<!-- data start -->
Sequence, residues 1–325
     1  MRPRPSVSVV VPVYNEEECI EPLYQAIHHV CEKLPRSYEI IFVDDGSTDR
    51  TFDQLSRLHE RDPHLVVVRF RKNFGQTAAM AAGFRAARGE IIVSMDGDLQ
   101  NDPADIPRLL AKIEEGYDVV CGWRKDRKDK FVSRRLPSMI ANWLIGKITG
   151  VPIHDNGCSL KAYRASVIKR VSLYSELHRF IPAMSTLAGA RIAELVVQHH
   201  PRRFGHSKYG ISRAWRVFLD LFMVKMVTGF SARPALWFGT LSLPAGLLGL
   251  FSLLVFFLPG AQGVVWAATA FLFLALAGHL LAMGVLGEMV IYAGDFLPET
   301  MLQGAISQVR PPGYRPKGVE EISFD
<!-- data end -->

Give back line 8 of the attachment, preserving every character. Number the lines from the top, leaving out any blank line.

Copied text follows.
   301  MLQGAISQVR PPGYRPKGVE EISFD